Case Study by Jim Ryce RGD, Jim Ryce Design and Direction
Nearly 40,000 people work at Toronto Pearson airport who, together with the airlines, help millions of passengers travel smoothly and comfortably to and from every corner of the globe. In creating the Greater Toronto Airports Authority (GTAA)’s Annual Report, the goal was to highlight the impact of the airport beyond take-off and landing, showcasing the various events and initiatives that take place every day and recognizing the various roles within the organization.
This project was created to reach employees, local governments, airlines and airport customers.
We worked closely with the GTAA to identify what should be highlighted most prominently in the report. Based on the client’s goals, we developed a concept around the theme ‘We’re here to help’, showcasing the people behind the scenes who contribute to the smooth and efficient operation of the airport. The idea was to create a ‘did you know’ experience for the audience, telling the story of the airport through the people who work there. To achieve the desired result, the report featured a cross section of individuals with various roles at the airport.
The biggest challenge of this project was finding the right jobs to feature. Part of the client’s goal was to highlight the activity that people don’t see on a regular basis. The report needed to go ‘behind the scenes’ and show the public something different.
To gain a strong understanding of what the client wanted to convey, we did research into the daily activity of the airport. This involved a 2-day scout of the location, from which we identified a list of about 20 potential roles to feature. The list was eventually narrowed down to the 12 individuals featured in the report.
For this particular project it was necessary to plan a few back-ups. As a perpetually busy and constantly changing environment, the airport had activities happening on the day of the location scout that weren’t necessarily happening on the day we had clearance to shoot. In some cases this actually worked in our favour – we were able to get some shots we hadn’t planned on, which ended up being used in the report as graphics for statistics and call-outs.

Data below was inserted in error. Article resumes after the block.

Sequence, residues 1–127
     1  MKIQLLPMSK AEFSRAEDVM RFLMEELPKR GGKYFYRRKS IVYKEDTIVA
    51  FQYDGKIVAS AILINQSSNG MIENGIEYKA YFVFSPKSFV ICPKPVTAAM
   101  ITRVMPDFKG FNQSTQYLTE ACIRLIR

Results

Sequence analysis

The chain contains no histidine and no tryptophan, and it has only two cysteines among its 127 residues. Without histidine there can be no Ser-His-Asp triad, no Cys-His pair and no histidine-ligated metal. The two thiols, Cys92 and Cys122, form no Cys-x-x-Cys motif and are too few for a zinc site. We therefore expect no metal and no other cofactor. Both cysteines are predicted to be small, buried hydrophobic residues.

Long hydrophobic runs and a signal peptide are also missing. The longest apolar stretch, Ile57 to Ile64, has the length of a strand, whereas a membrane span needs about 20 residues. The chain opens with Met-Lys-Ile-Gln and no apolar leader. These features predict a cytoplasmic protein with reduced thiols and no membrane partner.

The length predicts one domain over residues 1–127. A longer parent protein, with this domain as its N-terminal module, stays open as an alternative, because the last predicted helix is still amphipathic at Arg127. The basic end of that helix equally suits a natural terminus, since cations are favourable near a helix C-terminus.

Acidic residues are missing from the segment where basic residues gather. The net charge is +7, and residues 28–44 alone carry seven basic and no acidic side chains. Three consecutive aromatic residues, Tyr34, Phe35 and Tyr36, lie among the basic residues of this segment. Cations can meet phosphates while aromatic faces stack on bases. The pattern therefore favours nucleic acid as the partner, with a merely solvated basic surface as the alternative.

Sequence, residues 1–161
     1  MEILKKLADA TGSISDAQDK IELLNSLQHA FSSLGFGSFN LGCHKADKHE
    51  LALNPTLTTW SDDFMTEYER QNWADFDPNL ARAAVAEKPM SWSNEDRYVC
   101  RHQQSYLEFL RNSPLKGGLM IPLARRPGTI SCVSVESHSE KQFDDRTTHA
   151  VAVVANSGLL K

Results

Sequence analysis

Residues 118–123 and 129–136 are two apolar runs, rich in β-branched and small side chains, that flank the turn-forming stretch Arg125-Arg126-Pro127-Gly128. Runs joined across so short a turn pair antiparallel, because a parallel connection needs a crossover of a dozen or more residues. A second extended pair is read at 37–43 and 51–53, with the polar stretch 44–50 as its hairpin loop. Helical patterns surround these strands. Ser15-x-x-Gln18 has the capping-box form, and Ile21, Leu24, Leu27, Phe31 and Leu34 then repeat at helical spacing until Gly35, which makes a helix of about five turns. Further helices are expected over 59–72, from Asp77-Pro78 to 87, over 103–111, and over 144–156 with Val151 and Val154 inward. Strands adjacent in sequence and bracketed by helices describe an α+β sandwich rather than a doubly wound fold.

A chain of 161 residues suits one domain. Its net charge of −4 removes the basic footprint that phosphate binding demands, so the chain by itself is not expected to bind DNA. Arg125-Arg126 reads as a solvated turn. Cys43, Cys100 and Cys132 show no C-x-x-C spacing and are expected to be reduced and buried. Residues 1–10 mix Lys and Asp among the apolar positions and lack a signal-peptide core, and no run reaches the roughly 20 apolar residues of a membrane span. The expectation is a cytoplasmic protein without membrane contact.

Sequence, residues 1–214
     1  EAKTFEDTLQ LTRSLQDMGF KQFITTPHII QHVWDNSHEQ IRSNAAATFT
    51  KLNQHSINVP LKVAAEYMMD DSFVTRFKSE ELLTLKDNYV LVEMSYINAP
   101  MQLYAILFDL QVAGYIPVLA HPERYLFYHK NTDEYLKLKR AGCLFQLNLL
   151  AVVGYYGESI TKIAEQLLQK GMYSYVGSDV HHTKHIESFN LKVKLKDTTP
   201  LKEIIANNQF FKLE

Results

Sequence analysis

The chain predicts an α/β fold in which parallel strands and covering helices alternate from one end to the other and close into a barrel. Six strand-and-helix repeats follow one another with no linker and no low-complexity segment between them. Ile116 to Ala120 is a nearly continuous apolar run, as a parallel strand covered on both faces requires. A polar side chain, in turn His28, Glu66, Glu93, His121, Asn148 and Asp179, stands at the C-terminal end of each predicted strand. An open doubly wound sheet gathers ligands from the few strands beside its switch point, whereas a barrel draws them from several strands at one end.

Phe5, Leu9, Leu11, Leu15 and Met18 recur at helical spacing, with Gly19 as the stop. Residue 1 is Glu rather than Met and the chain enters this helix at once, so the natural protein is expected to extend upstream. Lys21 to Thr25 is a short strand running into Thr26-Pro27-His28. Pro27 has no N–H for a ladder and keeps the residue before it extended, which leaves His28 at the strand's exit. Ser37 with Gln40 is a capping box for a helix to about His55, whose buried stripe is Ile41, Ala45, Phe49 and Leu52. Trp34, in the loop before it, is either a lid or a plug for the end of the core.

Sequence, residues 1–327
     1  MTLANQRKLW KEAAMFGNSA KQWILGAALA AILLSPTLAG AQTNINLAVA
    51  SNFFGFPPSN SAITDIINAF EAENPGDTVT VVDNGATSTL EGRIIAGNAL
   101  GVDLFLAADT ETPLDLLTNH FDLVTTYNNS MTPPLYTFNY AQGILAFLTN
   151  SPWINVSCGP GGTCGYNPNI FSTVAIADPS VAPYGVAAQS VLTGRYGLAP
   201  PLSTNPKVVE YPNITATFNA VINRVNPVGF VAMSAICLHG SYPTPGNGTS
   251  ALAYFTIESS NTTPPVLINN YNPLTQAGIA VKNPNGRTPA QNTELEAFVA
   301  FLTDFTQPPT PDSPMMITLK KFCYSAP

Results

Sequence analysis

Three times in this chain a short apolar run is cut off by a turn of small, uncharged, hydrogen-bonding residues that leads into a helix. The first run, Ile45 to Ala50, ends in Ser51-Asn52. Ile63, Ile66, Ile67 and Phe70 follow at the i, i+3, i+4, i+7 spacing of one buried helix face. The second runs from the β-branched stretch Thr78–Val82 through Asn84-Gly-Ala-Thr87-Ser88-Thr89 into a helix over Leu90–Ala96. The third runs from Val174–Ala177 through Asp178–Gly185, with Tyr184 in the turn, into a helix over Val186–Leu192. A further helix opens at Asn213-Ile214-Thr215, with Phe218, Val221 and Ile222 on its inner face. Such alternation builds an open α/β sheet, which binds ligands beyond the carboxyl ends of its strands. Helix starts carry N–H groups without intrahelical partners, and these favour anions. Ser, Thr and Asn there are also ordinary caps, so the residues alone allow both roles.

After the photo shoot, the final selections were made based on what would best illustrate the story being told, with input from our writer and the client.
"We tasked Jim Ryce Design & Direction Inc. with developing an Annual Report that went beyond simple recitation of the previous year’s operational and financial highlights. The task put to Jim was to feature how the successful operation of the airport is undertaken by more than just the reporting company - the first time GTAA has taken this approach. Featuring messaging that touched on key operational events in 2012 with imagery of employees to illustrate the theme 'we're here to help', the design approach was successful in highlighting the positive airport experience for our guests in 2012 and beyond." - Jason Ritchie, Manager, Creative Services, GTAA
- When relying on a specific photographic style, set up your shots to make sure you get what you're looking for. When dealing with an environment that changes quickly, having a loose idea of what you want might not be enough.
- It is easier to achieve a successful result when you collaborate with the client throughout the design process to get direction and buy-in on image choices.
- Keep the imagery simple - let the message come through clearly and speak for itself.
- Involve your creative partner right from the start of the project to help ensure a smooth process.
- Don't be afraid to try something different - tell your story in a unique and compelling way that will engage the reader.
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